This is also a serious concern for Cannabis Canadians in Vancouver, who have been living under the shelter of a directive which advised Vancouver police that the Crown would not approve simple drug possession charges unless there was an aggravating factor.

The reasoning behind this decision was that there were too many charges for the overburdened justice system to cope with. Since whatever backlog that existed has presumably been cleared away, and the justice system will be “streamlined” under Bill C-7, perhaps we will once again be seeing Vancouverites arrested and jailed for their use of cannabis flower tops.

Bill C-7

prohibits all

medical use

of marijuana.

Although Bill C-7 allows for the medical use of heroin, morphine, cocaine and other listed substances, it makes no allowance for the medical use of marijuana. Apparently, using cannabis to ease the pain of arthritis or the suffering of AIDS is more of a risk than our government can tolerate.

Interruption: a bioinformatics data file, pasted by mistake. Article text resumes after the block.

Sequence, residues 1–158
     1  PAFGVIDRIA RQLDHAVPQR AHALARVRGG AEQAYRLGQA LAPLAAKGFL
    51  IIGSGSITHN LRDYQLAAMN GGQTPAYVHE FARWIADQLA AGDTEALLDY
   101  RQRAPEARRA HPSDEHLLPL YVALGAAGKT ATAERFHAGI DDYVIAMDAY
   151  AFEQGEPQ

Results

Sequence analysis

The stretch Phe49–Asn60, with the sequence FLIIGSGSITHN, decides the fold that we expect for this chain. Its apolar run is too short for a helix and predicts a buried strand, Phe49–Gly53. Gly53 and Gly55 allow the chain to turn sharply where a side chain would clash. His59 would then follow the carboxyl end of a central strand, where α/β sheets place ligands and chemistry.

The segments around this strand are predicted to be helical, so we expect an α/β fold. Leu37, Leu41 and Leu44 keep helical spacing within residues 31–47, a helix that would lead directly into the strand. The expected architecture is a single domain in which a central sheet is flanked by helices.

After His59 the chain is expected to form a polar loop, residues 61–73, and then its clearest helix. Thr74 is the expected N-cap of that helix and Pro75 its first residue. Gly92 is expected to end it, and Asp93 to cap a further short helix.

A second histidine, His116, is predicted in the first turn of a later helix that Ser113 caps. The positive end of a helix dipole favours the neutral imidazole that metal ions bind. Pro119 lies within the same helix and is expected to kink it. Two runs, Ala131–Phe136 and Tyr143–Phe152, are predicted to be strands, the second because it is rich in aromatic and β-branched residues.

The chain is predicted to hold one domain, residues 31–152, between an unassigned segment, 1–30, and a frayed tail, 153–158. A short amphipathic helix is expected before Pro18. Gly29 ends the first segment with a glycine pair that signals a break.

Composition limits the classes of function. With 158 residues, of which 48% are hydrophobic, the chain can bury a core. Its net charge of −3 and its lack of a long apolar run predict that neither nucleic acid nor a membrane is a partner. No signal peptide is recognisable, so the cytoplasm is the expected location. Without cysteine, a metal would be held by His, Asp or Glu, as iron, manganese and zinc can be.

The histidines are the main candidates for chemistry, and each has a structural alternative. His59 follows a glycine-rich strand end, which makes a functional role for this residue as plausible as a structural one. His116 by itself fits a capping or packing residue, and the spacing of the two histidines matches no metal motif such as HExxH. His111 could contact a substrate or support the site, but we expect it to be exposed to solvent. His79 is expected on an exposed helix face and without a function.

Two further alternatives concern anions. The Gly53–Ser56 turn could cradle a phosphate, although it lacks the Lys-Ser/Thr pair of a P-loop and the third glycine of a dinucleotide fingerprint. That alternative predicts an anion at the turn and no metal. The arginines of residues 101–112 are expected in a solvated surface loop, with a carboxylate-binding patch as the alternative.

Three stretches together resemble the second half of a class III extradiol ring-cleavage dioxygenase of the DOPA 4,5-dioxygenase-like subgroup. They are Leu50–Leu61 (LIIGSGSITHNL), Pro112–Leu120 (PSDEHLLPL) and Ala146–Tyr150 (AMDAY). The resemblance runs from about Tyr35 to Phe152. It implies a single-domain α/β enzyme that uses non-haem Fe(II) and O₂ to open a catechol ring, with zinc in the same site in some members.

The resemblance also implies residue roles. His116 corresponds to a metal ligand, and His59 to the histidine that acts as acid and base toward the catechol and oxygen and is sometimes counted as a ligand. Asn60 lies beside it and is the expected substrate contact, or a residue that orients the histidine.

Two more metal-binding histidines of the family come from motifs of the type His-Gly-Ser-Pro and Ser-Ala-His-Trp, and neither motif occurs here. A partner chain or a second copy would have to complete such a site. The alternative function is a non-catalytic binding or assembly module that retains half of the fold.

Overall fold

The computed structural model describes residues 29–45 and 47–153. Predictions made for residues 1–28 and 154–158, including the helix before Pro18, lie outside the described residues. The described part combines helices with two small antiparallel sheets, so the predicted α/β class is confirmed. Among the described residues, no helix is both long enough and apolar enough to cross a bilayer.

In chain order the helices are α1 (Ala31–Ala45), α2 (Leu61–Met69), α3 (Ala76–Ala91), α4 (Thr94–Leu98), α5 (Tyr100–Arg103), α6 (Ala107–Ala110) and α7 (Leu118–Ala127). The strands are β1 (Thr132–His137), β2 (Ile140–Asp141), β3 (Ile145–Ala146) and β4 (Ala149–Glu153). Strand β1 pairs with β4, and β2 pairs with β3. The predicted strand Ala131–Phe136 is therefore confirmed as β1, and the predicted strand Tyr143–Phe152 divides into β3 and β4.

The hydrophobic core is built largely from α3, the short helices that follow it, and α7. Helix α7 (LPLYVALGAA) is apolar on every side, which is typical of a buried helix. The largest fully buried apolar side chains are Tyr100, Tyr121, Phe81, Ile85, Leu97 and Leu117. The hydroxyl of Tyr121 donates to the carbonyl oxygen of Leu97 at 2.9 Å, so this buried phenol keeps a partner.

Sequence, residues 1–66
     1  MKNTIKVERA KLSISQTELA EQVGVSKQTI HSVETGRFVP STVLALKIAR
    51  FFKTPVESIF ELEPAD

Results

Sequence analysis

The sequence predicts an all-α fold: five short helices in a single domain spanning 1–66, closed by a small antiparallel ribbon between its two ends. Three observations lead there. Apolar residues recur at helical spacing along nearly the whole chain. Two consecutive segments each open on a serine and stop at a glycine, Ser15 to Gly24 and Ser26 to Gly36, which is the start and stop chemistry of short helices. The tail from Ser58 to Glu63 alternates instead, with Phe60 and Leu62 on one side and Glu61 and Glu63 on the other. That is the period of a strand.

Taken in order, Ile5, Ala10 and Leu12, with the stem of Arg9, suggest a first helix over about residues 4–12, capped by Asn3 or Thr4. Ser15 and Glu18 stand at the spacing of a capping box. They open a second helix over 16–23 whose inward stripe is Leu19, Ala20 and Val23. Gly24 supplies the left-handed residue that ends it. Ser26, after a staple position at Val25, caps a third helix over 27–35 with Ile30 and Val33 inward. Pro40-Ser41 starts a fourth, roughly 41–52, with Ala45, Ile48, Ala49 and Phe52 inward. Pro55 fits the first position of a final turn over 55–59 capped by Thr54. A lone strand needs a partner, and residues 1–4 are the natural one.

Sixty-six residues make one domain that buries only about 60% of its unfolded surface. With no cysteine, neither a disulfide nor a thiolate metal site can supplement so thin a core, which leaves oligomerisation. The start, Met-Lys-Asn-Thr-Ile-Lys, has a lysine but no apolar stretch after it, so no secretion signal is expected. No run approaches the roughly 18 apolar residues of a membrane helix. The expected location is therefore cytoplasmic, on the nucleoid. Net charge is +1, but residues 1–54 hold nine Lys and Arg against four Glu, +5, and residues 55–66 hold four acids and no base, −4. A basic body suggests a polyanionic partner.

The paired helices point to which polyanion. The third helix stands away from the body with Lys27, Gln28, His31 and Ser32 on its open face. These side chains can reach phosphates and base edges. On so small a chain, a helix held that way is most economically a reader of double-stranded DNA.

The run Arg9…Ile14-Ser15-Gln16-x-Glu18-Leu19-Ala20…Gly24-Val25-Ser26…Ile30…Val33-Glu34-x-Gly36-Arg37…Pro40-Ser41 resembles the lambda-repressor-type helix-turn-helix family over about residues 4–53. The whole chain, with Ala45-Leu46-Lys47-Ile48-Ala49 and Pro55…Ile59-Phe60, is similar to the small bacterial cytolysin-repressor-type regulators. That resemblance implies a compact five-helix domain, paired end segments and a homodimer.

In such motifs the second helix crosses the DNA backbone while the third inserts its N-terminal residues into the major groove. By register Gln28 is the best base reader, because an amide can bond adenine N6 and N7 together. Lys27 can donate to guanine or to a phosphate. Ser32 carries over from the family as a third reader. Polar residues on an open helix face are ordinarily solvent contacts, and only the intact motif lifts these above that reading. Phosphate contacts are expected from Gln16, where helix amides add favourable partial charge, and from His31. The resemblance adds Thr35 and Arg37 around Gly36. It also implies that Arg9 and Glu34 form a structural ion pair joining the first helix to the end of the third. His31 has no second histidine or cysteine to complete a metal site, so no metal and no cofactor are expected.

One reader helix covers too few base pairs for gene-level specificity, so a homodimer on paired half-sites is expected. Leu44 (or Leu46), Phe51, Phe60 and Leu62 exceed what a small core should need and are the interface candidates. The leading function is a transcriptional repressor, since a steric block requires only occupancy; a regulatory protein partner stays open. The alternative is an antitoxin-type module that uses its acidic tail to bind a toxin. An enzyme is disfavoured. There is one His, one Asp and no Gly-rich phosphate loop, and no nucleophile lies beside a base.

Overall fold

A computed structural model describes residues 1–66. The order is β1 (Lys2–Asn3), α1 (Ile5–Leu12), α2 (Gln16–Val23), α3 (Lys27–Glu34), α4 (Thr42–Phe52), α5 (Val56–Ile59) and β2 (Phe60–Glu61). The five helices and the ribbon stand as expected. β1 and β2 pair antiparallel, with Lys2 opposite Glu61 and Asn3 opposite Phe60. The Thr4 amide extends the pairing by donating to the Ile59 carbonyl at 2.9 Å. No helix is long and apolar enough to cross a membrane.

Marijuana has a great many medical benefits and should not be denied to those who could benefit from its use. There is no valid reason to withhold medical marijuana from sick and dying Canadians.

Bill C-7

doesn’t allow the cultivation of cannabis hemp.

Despite the growing number of Canadians who are applying to cultivate cannabis hemp for industrial and agricultural purposes, Bill C-7 makes no allowance for the commercial cultivation of hemp.

During the passing of Bill C-7, Paul Szabo stated that “Bill C-7 does not at present permit the commercial cultivation of hemp… the commercial production of hemp is a long way off, if indeed it is appropriate at all.”